Written by Elizabeth Roberts

In 2015, while exploring critical habitat areas for the Western Snowy Plover, I saw large accumulations of marine debris within the Western Snowy plover habitat restoration areas and surrounding estuary within the Oregon Dunes National Recreation Area. Having worked on large-scale marine debris removal projects in the Gulf of Alaska, I saw a need to implement what I had learned working in remote locations to get volunteers out to these hard-to-access areas for a concentrated clean-up effort.  After years of personally monitoring these sites and removing what I could, I was finally able to form a partnership with Oregon Shores, thanks to Jesse Jones taking an interest in my work. Together, we reached out to the US Forest Service in 2022 and began to formulate a plan to transport volunteers to three sites over three days after the 2023 predicted king tides were over. The project was a success, and we were able to remove several truckloads of debris- all of which filled a Uhaul box truck and went to Washed Ashore in Bandon to be converted into educational art. 

Having built on our successes in 2023, we returned to the Oregon Dunes National Recreation Area this year to revisit two of the same sites from last year and a new site. One of our sites from last year was inaccessible due to flooding, so we decided to move to a new location that is also known for marine debris accumulation. All of our volunteers this year were returning volunteers from last year. 

On Thursday, February 15th, we met at the Wax Myrtle Campground at Siltcoos at 8:30 a.m., where two USFS employees transported five volunteers and two Oregon Shores staff to the north of Tahkenitch Creek. Due to unfavorable weather conditions, we concluded the clean-up by lunchtime. Despite the adverse weather, we still managed to collect a considerable amount of debris within that four-hour time frame. Thankfully, this site was not heavily impacted by marine debris accumulation at the time.  

On Friday, February 16th, we met at 9:00 a.m. at the Umpqua Beach Day Use Area in Winchester Bay, where two USFS employees transported five volunteers and one Oregon Shores staff to the north side of Tenmile Creek. This site was our most impacted site two years in a row. Thanks to favorable weather conditions, we were able to spend a full day removing debris from both the Snowy Plover HRA (habitat restoration area) as well as the surrounding estuary, well into the evening. We removed three very full truckloads from this site. There was still quite a bit of debris remaining in the estuary that we did not have time to collect, as was the case last year. Discussions are occurring to return in September with US Fish & Wildlife staff after plover nesting season, as they are looking for a team-building volunteer opportunity. This would be a good time to return, as much of the flooding in the grassy marsh areas will have dried out over the summer. Historically there is a great deal of accumulation in this area due to winter high water events.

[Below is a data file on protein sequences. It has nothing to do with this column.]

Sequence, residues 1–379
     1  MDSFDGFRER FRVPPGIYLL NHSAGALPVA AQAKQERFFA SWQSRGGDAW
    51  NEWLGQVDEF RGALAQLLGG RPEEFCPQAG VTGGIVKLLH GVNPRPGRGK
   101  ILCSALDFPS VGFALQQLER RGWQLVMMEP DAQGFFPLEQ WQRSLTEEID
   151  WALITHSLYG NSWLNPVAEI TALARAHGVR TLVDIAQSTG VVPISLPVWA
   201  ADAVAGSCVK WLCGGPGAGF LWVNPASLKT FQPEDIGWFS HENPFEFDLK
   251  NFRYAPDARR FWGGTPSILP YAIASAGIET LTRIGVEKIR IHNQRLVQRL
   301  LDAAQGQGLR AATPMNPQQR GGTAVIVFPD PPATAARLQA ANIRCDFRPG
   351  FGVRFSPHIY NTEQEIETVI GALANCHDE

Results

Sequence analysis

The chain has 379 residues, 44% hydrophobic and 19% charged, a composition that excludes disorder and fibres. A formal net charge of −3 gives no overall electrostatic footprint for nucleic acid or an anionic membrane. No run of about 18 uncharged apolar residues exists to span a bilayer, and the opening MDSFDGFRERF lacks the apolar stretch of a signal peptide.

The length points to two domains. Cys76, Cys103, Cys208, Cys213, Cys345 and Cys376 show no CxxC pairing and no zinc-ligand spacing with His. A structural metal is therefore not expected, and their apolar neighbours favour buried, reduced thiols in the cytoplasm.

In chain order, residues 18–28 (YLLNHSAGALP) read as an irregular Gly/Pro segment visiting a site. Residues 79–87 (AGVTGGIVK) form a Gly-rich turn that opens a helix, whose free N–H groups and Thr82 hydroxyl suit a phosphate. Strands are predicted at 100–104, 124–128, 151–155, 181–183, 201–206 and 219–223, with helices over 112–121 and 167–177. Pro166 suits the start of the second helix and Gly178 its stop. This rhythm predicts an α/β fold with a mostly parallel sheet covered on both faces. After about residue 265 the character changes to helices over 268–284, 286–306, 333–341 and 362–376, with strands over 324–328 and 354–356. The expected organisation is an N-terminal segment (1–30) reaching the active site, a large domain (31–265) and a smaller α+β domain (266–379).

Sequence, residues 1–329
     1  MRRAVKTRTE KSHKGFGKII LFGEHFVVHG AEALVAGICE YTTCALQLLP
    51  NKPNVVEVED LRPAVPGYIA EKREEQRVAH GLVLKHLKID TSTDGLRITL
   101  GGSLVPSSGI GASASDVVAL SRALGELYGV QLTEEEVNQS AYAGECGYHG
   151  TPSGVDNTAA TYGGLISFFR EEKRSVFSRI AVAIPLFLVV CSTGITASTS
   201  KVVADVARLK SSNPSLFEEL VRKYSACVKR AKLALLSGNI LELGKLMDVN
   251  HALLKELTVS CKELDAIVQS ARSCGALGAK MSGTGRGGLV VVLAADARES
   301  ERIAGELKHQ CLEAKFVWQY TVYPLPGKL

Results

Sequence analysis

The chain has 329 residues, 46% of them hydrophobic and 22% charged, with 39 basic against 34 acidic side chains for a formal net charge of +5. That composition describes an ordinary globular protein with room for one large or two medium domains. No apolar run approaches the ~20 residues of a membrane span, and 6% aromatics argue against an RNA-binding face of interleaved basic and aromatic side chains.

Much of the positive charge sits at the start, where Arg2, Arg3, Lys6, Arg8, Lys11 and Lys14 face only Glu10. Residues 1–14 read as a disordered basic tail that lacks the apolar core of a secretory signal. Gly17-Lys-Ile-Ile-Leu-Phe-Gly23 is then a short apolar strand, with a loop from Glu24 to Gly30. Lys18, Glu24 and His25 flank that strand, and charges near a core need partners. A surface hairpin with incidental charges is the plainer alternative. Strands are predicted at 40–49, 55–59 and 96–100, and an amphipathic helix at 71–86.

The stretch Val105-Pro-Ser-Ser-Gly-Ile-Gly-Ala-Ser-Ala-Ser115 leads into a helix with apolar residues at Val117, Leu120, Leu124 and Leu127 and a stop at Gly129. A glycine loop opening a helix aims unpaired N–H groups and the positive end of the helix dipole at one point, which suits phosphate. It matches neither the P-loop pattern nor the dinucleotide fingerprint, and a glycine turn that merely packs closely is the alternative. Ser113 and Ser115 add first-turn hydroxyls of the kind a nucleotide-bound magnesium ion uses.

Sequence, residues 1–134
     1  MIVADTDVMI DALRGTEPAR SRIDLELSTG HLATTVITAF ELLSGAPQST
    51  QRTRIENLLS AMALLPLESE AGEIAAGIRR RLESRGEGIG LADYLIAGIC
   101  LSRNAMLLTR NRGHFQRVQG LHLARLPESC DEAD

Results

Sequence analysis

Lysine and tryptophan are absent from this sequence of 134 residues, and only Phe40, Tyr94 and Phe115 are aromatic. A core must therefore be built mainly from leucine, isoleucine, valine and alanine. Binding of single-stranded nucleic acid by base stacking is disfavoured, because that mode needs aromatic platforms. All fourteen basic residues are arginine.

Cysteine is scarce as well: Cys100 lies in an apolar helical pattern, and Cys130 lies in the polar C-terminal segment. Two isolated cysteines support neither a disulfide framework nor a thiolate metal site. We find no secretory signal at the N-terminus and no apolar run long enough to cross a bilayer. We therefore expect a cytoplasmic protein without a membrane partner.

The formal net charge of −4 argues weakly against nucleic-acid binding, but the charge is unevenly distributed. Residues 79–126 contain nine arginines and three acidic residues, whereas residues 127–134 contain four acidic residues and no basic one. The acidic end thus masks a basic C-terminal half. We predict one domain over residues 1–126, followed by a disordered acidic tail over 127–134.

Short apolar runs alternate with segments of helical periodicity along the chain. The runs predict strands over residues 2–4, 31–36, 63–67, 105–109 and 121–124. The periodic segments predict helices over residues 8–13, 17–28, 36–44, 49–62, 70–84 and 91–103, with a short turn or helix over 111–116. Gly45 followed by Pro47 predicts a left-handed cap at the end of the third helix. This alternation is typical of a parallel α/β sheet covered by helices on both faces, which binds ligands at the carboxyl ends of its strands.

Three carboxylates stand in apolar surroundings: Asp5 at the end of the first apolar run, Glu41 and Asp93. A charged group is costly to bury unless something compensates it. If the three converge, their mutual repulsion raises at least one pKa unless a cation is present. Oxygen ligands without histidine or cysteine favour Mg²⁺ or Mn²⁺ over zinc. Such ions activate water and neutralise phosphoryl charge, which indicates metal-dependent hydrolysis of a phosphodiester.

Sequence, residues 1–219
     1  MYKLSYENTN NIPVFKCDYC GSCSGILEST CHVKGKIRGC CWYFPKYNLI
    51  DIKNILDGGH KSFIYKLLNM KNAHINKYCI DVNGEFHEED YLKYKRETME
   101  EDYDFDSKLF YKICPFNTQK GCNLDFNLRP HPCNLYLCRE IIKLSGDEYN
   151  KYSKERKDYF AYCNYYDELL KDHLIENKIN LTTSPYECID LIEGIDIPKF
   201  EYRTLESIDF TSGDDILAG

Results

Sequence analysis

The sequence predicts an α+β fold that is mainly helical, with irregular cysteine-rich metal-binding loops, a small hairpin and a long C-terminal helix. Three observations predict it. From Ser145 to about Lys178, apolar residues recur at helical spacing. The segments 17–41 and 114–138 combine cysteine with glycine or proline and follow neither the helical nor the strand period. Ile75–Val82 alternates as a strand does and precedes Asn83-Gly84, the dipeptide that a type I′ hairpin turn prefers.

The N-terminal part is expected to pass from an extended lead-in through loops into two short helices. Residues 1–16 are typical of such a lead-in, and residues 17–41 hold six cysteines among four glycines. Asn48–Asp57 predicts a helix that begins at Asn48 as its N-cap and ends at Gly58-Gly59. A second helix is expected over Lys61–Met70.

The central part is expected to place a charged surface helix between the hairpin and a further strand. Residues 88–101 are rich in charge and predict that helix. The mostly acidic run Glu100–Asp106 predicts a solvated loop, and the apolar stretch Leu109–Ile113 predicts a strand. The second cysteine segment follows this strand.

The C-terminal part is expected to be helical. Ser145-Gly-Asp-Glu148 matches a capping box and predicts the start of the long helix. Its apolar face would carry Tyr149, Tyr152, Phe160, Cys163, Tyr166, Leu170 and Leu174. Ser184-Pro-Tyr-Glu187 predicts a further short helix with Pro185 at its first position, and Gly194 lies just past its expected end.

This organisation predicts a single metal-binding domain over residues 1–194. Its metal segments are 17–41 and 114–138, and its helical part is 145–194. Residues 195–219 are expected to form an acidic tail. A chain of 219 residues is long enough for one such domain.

Saturday, February 17th, we met at 9:00 a.m. at the Forest Service office in Reedsport where two USFS employees transported five volunteers and one Oregon Shores staff to the north side of the Umpqua River via Sparrow Park Road. The weather was good, and we filled both truck beds with debris. One of the more unexpected items we found that day was a chest freezer that we were able to remove and load into a truck. This year, we ended up staging all of the debris in a single location on Forest Service property near Wax Myrtle Campground behind a gate and out of the public eye. Last year, debris was staged for pick up at each site, requiring Washed Ashore to travel to three locations to collect. This left debris exposed in public spaces for several days until it could be retrieved. Following up with our volunteers at the end of each day, everyone shared how much they enjoyed the experience and stated their interest in returning to participate again next year.

I would like to express my immense gratitude to everyone who helped make this project possible. Thank you, Oregon Shores, for seeing the value in my work and supporting my efforts to bring this project to life. I would especially like to thank  Cindy Burns and her staff at the US Forest Service. Without their support, this project would not have been possible. Thank you, Washed Ashore, for retrieving the debris we collected to make Art to Save the Sea and keeping it out of the landfill. Last but not least, a very special thank you to all of the volunteers who dedicated their time and effort to making this project a huge success. Together, we were able to remove just over 1500 pounds of marine debris from critical Western Snowy Plover habitat! I look forward to seeing them all again next year and continuing the momentum we have created.